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As allegations of workplace harassment and discrimination continue to shake Silicon Valley and the country at large, Spot is launching out of beta with an AI-powered recording tool to help employees who feel they have been treated improperly.

“There are a lot of hurdles to reporting these kinds of experiences,” said Spot cofounder and chief scientist Dr. Julia Shaw, in an interview with VentureBeat. “One of them is fear of retaliation.”

Spot’s web-based tool is free and available to any employee who wishes to report inappropriate behavior. More importantly, they can choose to do so anonymously. A chatbot prompts users to share their experience and makes sure all the information is there.

“It’s incredibly easy to forget things or misremember them,” added Shaw, “which is why it’s important to record them when the memories are fresh.”


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Above: Spot app

Image Credit: Spot

It’s interesting to note that the concept for Spot came out of AI startup studio All Turtles, which was co-created by Evernote cofounder and serial entrepreneur Phil Libin (Evernote is a note-taking app). Daniel Nicolae and Dylan Marriott, both former Evernote employees, joined All Turtles last June to begin working on Spot. Libin then introduced the duo to Shaw, a criminal psychologist who specializes in memory science.

Spot, which fuses AI with science, officially became an independent startup in December 2017.

The startup uses what it calls “cognitive interviews” to collect pertinent information from employee who feel they have been harrassed. Shaw argues that in these sensitive situations, it’s important to know “what not to ask,” as subjective comments could lead the employee to overthink or misinterpret an incident. The basis for a solid cognitive interview is to ask practical and neutral questions, explains Shaw. What’s more, employees may also feel more comfortable when chatting with a bot.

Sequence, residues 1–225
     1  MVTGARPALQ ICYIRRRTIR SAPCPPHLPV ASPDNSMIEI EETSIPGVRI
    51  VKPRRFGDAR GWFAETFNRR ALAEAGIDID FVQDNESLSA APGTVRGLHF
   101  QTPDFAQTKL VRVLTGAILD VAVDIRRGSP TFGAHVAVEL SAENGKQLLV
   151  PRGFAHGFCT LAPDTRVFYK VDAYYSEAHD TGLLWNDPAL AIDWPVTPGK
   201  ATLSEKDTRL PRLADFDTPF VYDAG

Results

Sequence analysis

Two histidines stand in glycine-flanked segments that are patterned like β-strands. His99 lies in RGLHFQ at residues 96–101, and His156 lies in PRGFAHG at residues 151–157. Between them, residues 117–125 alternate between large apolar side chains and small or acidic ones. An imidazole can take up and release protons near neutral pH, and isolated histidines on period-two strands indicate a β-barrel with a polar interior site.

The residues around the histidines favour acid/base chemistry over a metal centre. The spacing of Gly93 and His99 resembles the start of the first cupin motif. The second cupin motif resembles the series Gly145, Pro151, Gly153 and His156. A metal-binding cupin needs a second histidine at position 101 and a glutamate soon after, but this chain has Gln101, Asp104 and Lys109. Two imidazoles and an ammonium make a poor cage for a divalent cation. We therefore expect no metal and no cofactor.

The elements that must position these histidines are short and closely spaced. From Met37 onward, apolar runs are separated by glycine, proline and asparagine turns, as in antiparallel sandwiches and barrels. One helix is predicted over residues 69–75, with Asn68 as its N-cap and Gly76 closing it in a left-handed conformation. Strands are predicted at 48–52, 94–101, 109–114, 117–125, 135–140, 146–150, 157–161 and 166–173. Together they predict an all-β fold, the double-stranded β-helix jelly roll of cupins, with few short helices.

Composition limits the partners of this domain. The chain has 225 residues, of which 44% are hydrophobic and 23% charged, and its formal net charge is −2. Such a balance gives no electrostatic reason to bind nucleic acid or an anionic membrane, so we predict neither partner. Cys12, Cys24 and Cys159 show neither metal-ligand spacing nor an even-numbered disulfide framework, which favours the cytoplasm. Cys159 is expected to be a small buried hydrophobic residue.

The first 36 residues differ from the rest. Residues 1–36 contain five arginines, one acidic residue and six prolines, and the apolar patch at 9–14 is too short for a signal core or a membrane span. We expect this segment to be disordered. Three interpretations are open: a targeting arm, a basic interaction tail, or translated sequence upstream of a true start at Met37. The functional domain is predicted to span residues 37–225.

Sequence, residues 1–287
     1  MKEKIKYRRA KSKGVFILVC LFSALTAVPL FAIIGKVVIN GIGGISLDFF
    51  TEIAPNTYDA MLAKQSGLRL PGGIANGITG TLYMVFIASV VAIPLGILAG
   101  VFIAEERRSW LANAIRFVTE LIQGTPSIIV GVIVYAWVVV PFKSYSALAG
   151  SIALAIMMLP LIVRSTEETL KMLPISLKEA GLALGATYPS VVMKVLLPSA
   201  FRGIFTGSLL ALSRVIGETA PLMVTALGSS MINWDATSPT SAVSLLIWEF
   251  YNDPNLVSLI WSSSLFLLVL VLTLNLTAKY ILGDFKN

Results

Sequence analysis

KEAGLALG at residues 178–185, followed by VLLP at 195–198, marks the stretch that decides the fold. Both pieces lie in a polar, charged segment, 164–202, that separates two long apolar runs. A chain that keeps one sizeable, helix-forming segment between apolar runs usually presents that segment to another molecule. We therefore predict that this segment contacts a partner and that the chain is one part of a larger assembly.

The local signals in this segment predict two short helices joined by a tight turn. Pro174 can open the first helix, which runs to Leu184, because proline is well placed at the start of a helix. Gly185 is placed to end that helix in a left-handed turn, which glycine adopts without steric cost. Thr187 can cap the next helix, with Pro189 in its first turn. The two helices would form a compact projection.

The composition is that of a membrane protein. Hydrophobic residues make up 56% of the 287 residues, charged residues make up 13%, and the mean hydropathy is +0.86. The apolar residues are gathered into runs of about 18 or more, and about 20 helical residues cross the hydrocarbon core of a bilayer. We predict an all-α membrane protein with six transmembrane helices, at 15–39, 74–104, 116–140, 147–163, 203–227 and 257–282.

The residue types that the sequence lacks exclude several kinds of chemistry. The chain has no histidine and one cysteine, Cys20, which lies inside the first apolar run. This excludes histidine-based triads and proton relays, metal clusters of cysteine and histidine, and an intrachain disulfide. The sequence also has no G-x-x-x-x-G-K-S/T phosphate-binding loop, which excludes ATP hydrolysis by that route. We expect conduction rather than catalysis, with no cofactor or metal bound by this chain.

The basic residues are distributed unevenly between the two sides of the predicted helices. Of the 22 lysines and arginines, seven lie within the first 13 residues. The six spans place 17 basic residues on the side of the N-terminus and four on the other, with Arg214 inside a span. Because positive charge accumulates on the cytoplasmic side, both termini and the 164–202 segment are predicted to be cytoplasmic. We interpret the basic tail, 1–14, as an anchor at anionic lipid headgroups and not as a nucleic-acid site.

“A bot can’t judge and can’t have unconscious bias,” said Shaw. “They are programmed to ask specific questions.”

Business-wise, using bots is also more scalable than relying on a handful of memory scientists. And the icing on the cake? Bots are available 24/7.

If users have questions about whether they should report certain behaviors or actions, the bot goes through definitions of what constitutes harassment and explains the process involved in reporting such incidents. Users can choose to include as much detail as they want. Spot then creates certified, private PDF reports from the interview — each entry is time-stamped and constitutes evidence — something that could come in handy if the case escalates to a trial.

The data is stored in an encrypted space until the report is downloaded, at which point it is deleted from the servers.

According to Spot, the idea isn’t to monetize the reports, and for now the startup is focusing on the user experience. In the future, however, the idea is to sell some sort of AI-driven management system to human resource (HR) departments within companies.

This reporting tool could come in handy for the numerous Silicon Valley-based tech companies that are faced with harassment allegations, the most recent of which is detailed in Perry Coneybeer’s Medium post. The 19-year-old tech marketer alleges she was fired from Ripcord in retaliation for reporting a fellow employee to human resources.

Other startups that are addressing these issues include Callisto and, which are both using technology to combat sexual harassment.

Spot has received an undisclosed amount of funding from All Turtles and currently has six employees across its offices in San Francisco, London, Berlin, and Zurich.

Disclaimer: Former VentureBeat editor-in-chief Blaise Zerega now works at All Turtles.

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